Day 187: Fremantle, WA & North Beach, WA - Four Legs on the Slow Road - CycleBlaze

March 1, 2015

Day 187: Fremantle, WA & North Beach, WA

Over tea and fruit bread we start pulling all of the things out of our panniers that we plan to toss before leaving Perth and heading back to America. The pile is huge: the shirts we've each worn most every day while riding that now stink like death, tire tubes with hairline punctures we couldn't patch, eight old water bottles, my nasty helmet, sweat rags stained dark brown, ripped plastic bags, torn-apart cycling shoes, shredded wool socks, a pair of thin towels that hardly soak up water, an armload full of other clothes, and all of the leftover food we got tired of eating.

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Then it's on to tearing down the bikes, which haven't been washed or even dusted since we rolled away from the backpackers in Sydney in the middle of December. But because America could care less about biosecurity, unlike when we boxed the bikes for New Zealand and Australia there's no need to clean the tires and chains and fenders and everything else with toothbrush and a foot-tall stack of rags. Within a couple of hours the job is done and the number of logistical issues we have left to handle before leaving the country in less than two days reaches zero.

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It's a perfect summer morning, and Perth's typical sea breeze hasn't yet picked up for the day, so together with Ric and Anna we head off to the beach. We lay back on bright-colored beach towels spread over pale gray sand and look out on five-year-olds burying themselves, teenagers jumping off a yellow metal pontoon anchored a few hundred feet offshore, and old men bobbing in the shallows with only their balding heads visible. At the center of it all are a pair of Americans with ridiculous tan lines who feel happy and relaxed and content, knowing that for the first time in longer than they can remember there's nothing in particular they need to do.

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Later we walk around Fremantle, which all of the locals call Freo, because Australians never miss a chance to turn a normal name into slang. We head through the heart of town, including a walk down the street that forty years ago was a place you didn't go to at night unless you were looking for a fight, but that's now known as Cappuccino Row. We catch a look at the harbor, grab a few beers and a cider from a brewery, and savor what feels like some day-long victory lap.

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Awesome.
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In the early evening, Ric drives us up to the northern suburbs of Perth, where we unload our boxed bikes and armloads of panniers into the garage of a guy named Victor Calvo. As with Ric, Victor reached out to us through this journal several weeks ago and offered us a place to stay, so we've been looking forward to meeting him for awhile. As he introduces us to his family, I find myself unable to listen to him speak without feeling distracted. Victor grew up in America, but even though he's lived in New Zealand and Australia since the 1970s, he sounds no different than if he had arrived from San Francisco just last week. After five months on the other side of the world having heard no American voices on a daily basis except for Kristen's, it's an accent that now seems foreign.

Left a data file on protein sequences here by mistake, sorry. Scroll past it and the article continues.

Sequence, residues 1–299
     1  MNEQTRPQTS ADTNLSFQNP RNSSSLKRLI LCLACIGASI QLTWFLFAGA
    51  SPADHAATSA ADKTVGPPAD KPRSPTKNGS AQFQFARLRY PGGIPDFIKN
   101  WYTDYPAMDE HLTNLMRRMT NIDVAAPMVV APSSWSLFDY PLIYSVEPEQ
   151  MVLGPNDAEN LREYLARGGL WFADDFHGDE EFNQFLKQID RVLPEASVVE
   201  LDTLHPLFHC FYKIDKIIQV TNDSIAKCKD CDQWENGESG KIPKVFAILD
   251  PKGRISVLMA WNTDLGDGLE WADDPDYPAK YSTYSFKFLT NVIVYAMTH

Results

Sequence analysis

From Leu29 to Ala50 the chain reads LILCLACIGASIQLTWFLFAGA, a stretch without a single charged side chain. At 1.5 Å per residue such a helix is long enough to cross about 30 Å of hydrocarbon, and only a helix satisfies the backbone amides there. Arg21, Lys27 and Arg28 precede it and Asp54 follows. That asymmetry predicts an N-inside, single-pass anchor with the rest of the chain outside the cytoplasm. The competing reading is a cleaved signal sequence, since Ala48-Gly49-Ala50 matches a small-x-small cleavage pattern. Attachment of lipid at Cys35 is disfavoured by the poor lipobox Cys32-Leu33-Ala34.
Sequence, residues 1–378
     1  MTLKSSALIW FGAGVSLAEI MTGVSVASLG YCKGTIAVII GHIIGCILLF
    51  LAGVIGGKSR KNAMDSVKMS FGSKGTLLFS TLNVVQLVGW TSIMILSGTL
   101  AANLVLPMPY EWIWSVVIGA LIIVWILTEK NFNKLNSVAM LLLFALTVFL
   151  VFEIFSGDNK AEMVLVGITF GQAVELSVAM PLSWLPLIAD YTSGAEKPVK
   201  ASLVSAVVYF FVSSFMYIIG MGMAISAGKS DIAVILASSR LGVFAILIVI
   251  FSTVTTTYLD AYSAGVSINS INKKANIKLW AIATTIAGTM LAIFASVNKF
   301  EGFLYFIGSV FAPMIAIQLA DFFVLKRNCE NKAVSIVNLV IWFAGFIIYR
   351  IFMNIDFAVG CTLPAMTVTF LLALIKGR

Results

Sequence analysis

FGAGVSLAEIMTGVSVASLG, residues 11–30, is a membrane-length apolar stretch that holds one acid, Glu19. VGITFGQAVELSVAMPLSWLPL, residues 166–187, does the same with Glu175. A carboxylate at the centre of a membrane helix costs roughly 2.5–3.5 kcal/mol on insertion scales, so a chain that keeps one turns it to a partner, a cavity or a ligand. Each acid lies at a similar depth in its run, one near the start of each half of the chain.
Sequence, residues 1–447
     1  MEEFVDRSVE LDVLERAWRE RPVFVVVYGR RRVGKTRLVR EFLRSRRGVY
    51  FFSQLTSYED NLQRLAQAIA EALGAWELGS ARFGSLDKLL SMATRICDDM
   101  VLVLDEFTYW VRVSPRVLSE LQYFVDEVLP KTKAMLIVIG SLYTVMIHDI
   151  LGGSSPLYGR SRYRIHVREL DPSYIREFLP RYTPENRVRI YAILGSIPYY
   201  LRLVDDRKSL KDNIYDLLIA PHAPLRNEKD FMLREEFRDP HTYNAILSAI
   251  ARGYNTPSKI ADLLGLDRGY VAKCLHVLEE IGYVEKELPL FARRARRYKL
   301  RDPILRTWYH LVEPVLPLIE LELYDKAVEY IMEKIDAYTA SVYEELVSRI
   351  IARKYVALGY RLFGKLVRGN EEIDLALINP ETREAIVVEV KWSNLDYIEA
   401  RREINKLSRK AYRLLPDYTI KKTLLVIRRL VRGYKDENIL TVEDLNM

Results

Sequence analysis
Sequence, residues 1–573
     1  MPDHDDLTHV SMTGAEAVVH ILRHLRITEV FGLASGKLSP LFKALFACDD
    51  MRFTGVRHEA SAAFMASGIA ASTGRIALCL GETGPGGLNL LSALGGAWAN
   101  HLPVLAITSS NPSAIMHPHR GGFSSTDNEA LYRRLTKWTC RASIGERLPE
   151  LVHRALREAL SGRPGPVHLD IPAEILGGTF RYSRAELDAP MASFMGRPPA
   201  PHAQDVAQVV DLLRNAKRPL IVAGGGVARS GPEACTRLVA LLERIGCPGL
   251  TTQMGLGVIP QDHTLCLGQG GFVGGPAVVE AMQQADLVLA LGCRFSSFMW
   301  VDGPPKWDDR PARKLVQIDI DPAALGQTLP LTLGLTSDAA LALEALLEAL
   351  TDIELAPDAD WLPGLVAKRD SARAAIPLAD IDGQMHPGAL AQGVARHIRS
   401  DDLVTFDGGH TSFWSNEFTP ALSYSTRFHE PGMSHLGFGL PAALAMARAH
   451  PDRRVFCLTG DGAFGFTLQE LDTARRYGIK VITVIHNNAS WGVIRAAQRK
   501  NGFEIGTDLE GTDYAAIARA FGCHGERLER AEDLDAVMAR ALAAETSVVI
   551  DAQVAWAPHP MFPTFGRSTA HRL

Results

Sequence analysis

Also awesome.
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Over homemade pizzas and Australian beer and the smallest bit of salad that's still socially acceptable to eat, we sit down with Victor, his wife Ruth, and his daughter Tia. They're an adventurous, interesting, well-spoken lot, with Victor having traveled the world throughout his life, Ruth growing up in a remote bush community of about thirty-nine people a hundred miles or so north of Norseman, and the two of them raising their daughters in between the South Island of New Zealand and Western Australia. Tia is a skilled surfer who has already seen more of the world than we probably ever will, has lived in Peru long term, and hopes to move to the Los Angeles area some time soon. That we've traveled as far and wide by bicycles as we have comes as no great surprise to any of them.

When they ask if we've seen any snakes during our time in Australia, we tell them that no, we haven't. We've heard one or two snakes rustling in the bushes, but the only ones we've come across have been flat in the middle of the road, run over by passing cars. This comes as a shock to everyone but us, because it turns out that poisonous snakes are such a common thing in this country that every school-aged kid knows the proper technique for dealing with a snakebite. It's as common as learning multiplication tables or the Pledge of Allegiance would be in America. We also learn that the Australian beers we've come to love are in fact on par with American brands like Budweiser or Coors Light or Keystone. They're what college students and tradesmen and country people drink when they want to get hammered, which is to say that they're cheap and watered down and definitely low brow. We consider this for a moment, but then decide that we will continue to love them all the same.

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With the waist of my shorts already stretching after just one day off of riding because I continue to eat like a complete fool, we walk down the block to the beach, past the hillside bushes that everyone assures us have poisonous snakes hanging out in them, and then feel the sand slip between our toes as the waves crash into shore beneath the pale light of a moon half obscured by clouds. It's a wonderful end to a wonderful day, a day full of fellow cycle-tourists and their families from start to finish. That these two things exist together is no coincidence.

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